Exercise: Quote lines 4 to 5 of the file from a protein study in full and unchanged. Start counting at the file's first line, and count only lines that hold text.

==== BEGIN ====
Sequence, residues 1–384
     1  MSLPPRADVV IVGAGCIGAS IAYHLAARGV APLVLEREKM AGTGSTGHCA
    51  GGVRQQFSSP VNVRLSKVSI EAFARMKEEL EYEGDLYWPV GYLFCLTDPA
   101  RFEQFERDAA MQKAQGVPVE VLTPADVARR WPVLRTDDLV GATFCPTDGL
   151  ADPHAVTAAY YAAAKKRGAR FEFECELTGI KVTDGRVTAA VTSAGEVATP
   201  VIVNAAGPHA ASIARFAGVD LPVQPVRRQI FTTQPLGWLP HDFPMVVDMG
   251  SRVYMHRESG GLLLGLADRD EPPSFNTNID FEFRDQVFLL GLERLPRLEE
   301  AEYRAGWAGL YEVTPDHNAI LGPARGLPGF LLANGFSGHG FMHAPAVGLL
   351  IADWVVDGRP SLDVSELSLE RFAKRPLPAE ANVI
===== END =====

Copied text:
   101  RFEQFERDAA MQKAQGVPVE VLTPADVARR WPVLRTDDLV GATFCPTDGL
   151  ADPHAVTAAY YAAAKKRGAR FEFECELTGI KVTDGRVTAA VTSAGEVATP